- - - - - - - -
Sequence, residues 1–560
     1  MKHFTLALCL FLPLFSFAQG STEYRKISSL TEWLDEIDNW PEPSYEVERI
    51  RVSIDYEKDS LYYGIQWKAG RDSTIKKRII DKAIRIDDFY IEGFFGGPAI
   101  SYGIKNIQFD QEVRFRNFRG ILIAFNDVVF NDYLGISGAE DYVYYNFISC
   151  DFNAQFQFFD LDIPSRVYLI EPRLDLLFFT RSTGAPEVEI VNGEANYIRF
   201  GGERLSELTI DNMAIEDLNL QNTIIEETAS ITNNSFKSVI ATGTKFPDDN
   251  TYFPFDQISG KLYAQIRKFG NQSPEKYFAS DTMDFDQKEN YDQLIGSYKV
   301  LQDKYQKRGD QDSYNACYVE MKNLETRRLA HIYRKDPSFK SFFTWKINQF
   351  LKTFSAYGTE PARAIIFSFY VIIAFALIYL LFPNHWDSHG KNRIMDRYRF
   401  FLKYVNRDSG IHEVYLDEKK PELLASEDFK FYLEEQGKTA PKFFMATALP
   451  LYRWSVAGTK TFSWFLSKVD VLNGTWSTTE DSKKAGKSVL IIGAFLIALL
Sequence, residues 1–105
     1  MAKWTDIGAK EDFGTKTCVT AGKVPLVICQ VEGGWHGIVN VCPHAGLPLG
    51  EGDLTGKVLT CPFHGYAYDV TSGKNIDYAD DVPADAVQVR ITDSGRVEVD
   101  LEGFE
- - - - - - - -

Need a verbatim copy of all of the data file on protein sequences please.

Sequence, residues 1–560
     1  MKHFTLALCL FLPLFSFAQG STEYRKISSL TEWLDEIDNW PEPSYEVERI
    51  RVSIDYEKDS LYYGIQWKAG RDSTIKKRII DKAIRIDDFY IEGFFGGPAI
   101  SYGIKNIQFD QEVRFRNFRG ILIAFNDVVF NDYLGISGAE DYVYYNFISC
   151  DFNAQFQFFD LDIPSRVYLI EPRLDLLFFT RSTGAPEVEI VNGEANYIRF
   201  GGERLSELTI DNMAIEDLNL QNTIIEETAS ITNNSFKSVI ATGTKFPDDN
   251  TYFPFDQISG KLYAQIRKFG NQSPEKYFAS DTMDFDQKEN YDQLIGSYKV
   301  LQDKYQKRGD QDSYNACYVE MKNLETRRLA HIYRKDPSFK SFFTWKINQF
   351  LKTFSAYGTE PARAIIFSFY VIIAFALIYL LFPNHWDSHG KNRIMDRYRF
   401  FLKYVNRDSG IHEVYLDEKK PELLASEDFK FYLEEQGKTA PKFFMATALP
   451  LYRWSVAGTK TFSWFLSKVD VLNGTWSTTE DSKKAGKSVL IIGAFLIALL
Sequence, residues 1–105
     1  MAKWTDIGAK EDFGTKTCVT AGKVPLVICQ VEGGWHGIVN VCPHAGLPLG
    51  EGDLTGKVLT CPFHGYAYDV TSGKNIDYAD DVPADAVQVR ITDSGRVEVD
   101  LEGFE